The reading tasks included in our task sheet are designed for the purposes of, according to Grabe and Stoller (2002), “reading to search,” (13) which involves skimming the text for general understanding and guessing where the important information is in the text. Besides, the purpose of “reading to learn” (13) was also taken into consideration as students are supposed to identify and remember main and secondary ideas in the texts and to recognise the “rhetorical frames” (13) in which information is organized in the texts. Moreover, students are required to establish links between the text and their prior knowledge of the subject. Regarding the models of reading proposed by Grabe and Stoller, our texts are suitable for the interactive model, which involves bottom-up and top-down models so that students can “take useful ideas from a bottom-up perspective and combine them with key ideas from a top-down view” (33). In this way, word recognition and background knowledge converge so as to understand the texts.
     
We decided to include in our task sheet pre-, during-/while- and post-reading tasks, as advocated by Grabe and Stoller. Our pre-reading task consists in predicting the possible content on the text by reacting to three symbols and drawing on the students’ background knowledge of the world. The end of this is to both facilitate comprehension of the text (by setting the readers' mind within a particular realm of knowledge) and to arouse interest.
            While-reading tasks aim at making students aware of how to recognize main from secondary ideas, what they should understand when they read verbs in the Simple Present tense, and recognition of connectors for exemplification. The instructions of the tasks aim at students' purposeful and strategic reading (Cf. Grabe and Stoller, 191). As for the closing task, we took into account the TAVI approach (Hutchinson and Waters, 1987) once more, and we designed the questions in a way that students can use the information in the texts for “transfer, application or extension” (97). In our case, by answering the questions students can reflect upon the importance and usefulness of the World Intellectual Property Organization (WIPO).

            As for instructions, we decided to use a more personal voice (the more informal second person in Spanish) after reading Tomlinson's chapter on Materials Evaluation, in which he establishes that "Materials which address the learner in an informal, personal voice are more likely to facilitate learning than those which use a distant, formal voice" (Beck et al and Tomlinson in Tomlinson, 19). The choice for the plural over the singular finds justification in the fact that students of this study program are used to working together and sharing the same desks. A last factor in the choice of the personal subject, was, simply, that the average student in the last years of the program is about 23 years old, and therefore will not consider the way the instructions address them to be a lack of respect (as could happen with adults over 35 or who in more professional environments).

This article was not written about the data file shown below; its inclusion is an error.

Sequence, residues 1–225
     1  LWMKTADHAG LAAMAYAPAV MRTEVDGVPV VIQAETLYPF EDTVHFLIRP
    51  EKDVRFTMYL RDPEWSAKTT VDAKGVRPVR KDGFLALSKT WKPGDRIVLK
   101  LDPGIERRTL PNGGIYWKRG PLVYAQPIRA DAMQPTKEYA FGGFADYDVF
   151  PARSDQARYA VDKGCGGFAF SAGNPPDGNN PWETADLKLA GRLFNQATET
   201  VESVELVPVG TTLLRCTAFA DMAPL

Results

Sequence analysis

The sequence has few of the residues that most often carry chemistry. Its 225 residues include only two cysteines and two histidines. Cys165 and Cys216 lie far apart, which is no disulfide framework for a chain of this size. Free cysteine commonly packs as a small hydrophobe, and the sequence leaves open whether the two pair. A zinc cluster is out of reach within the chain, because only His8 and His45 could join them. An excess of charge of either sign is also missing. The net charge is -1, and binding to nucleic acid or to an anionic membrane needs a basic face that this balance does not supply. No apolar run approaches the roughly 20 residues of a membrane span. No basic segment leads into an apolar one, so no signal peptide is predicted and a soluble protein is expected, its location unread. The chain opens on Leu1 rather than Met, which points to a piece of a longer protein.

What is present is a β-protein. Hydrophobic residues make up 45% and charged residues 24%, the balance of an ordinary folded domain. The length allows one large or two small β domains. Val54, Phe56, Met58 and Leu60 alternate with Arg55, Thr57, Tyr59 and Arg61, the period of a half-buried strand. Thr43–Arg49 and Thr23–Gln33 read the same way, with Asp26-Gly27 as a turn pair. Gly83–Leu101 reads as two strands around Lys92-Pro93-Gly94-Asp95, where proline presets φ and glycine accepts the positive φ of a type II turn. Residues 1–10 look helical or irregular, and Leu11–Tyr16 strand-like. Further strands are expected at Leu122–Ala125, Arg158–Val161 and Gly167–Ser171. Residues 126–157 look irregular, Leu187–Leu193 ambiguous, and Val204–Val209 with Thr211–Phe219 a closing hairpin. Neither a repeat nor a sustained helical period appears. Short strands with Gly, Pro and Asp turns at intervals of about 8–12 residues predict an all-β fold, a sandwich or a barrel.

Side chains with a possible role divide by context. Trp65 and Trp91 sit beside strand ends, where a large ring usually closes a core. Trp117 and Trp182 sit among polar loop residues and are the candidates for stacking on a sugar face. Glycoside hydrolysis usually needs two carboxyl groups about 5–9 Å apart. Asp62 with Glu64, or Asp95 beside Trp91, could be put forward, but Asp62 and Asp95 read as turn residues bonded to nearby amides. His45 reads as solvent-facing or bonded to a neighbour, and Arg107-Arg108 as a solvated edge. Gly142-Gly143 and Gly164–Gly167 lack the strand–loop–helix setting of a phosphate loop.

Appendix


Excerpt from the Curriculum in UNC.
Asignaturas del Cuarto Nivel
Diseño Industrial III / Legislación / Tecnología III / Teoría / Electiva.



Excerpt from the Curriculum in UBA.
nivel 4 / materias cuatrimestrales

promoción

cursado

hs. / sem

carga hs.


D

C: 1 cuat.

8

120

D

C: 2 cuat.

8

120

E

C: 1 y 2 cuat.

4

60

D

C: 1 y 2 cuat.

4

60

E

C: 1 y 2 cuat.

4

60


















Excerpt from the Curriculum in Universidad Empresarial Siglo XXI.
4to. AÑO
Séptimo Semestre
DISEÑO ASISTIDO POR COMPUTADORA V
DISEÑO INDUSTRIAL V
EMPRENDIMIENTOS UNIVERSITARIOS
PRÁCTICA PROFESIONAL DE DISEÑO INDUSTRIAL
TECNOLOGÍA Y SUS APLICACIONES IV
Octavo Semestre
GESTION EMPRESARIAL
GESTIÓN AMBIENTAL
LEGISLACIÓN
SEMINARIO FINAL DE DISEÑO INDUSTRIAL
TECNOLOGÍA Y SUS APLICACIONES V

Bibliography

DUDLEY-EVANS, T. And M. J. St John. "The Role of Materials" In Developments in English for Specific Purposes. UK: Cambridge University Press, 1998.

GRABE, W. and STOLLER, F. “Chapter 1. The Nature of Reading Abilities”. In Teaching and Researching Reading. UK: Pearson Education, 2002.

HUTCHINSON, T. and WATERS, A. “Chapter 7. Approaches to Course Design” In English for Specific Purposes. UK: Cambridge University Press, 1987.

TOMLINSON, Brian. "Chapter 1. Materials Evaluation." In Developing Materials for Language Teaching. Great Britain: Cromwell Press, 2003.

Online Resources:
Encyclopaedia Britannica. "Industrial Design". Retrieved August 1st, 2012. http://www.britannica.com/EBchecked/topic/286993/industrial-design

Website of  FADU – UBA. Retrieved August 4th, 2012. http://www.fadu.uba.ar/academica/mat_di_index.html?

Website of FAUDI – UNC. Retrieved August 4th, 2012. http://www.faudi.unc.edu.ar/diseno-industrial/plan-de-estudios

Website of Universidad Siglo XXI. Retrieved August 4th, 2012. http://www.21.edu.ar/carreras/licenciatura-en-diseno-industrial/plan-estudio.html


[1] See Appendix.
[2] To achieve a sense of the authenticity of the texts we framed them within copies of sections of the website.
[3] The difference between "analysis" and "evaluation" is explained in Tomlinson (2003: 16). The former refers to what the materials are like: what type of structures, vocabulary, genres, text types, formats, etc, present; the latter focuses on how or whether the materials are suitable for the students according to the objectives established.
[4] In addition, we believe that elaborated texts are "challenging yet achievable", which, according to Dudley-Evan & St John (1998) is necessary "to stimulate and motivate" (172).